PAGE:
A frustratingly not-terrible action thriller.
The term antichrist is commonly used to mean "the opposite of Christ." It actually translates from the original Greek as "opposed to Christ." This is a useful place to begin in considering Lars von Trier's new film. The central character in "Antichrist" is not supernatural, but an ordinary man, who loses our common moral values. He lacks all good and embodies evil, but that reflects his nature and not his theological identity.
This man, known only as He, is played by Willem Dafoe as a somber, driven, tortured soul. The film opens with He and his wife, She (Charlotte Gainsbourg), making passionate love. This is a moment of complete good. In the next room, their infant son begins to crawl around to explore and falls to his death. This in itself is a neutral act. It inspires the rest of the film, which labels itself in three stages: Grief, Pain and Despair.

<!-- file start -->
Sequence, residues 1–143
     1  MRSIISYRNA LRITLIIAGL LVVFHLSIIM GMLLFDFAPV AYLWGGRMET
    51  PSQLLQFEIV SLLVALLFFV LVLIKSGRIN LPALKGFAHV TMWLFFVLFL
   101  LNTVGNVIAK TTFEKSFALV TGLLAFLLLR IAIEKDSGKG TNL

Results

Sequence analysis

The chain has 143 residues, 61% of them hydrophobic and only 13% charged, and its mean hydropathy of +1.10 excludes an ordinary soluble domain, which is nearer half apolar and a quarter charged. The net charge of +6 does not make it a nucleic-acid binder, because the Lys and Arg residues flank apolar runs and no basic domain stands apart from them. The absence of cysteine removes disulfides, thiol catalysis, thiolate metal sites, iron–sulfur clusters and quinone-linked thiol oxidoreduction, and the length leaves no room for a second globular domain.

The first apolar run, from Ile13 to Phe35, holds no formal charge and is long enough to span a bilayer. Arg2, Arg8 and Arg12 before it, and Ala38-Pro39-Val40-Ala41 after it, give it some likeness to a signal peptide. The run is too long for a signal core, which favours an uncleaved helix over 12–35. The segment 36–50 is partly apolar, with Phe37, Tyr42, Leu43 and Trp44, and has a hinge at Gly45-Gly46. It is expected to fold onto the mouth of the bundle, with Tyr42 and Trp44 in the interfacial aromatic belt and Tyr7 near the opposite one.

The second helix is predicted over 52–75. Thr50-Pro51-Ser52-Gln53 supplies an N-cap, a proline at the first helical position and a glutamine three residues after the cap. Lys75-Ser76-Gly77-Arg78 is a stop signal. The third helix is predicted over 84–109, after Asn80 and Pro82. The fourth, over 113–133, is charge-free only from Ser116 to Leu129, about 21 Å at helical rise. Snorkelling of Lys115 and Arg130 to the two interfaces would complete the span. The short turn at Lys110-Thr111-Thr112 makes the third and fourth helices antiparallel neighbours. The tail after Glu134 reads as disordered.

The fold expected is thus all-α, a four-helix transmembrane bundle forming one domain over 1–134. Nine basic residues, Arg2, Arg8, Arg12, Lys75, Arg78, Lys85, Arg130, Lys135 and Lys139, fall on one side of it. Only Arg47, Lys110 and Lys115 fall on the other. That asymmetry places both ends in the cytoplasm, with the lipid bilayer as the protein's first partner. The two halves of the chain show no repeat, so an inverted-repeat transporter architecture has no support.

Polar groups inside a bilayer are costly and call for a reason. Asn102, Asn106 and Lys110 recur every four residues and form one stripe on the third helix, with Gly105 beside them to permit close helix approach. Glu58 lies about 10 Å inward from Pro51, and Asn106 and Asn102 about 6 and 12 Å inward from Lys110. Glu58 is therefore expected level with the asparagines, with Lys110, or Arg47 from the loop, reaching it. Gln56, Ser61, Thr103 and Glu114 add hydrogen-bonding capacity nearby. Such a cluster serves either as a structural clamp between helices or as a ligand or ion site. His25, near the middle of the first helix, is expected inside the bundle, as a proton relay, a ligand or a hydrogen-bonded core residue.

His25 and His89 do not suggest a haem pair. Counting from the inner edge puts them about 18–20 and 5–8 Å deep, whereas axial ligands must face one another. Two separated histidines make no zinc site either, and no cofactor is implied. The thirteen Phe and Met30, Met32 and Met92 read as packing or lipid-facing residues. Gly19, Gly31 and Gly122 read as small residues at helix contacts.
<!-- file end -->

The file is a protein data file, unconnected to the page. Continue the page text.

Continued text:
We must begin by assuming that He and She are already at psychological tipping points. She has been doing research on witchcraft, and it leads her to wonder if women are inherently evil. That may cause her to devalue herself. He is a controlling, dominant personality, who I believe is moved by the traumatic death to punish the woman who delivered his child into the world.
Their first stage, Grief, is legitimate. Their error is in trying to treat it instead of accepting it and living it through. Of course they blame themselves for having sex when they should have been attentive to the infant. Guilt requires punishment. She mentally punishes herself. For reasons he may not be aware of, he is driven to deal with her guilt as a problem, lecturing her in calm, patient, detached psychobabble. Her grief is her fault, you see, and he will blame her for it.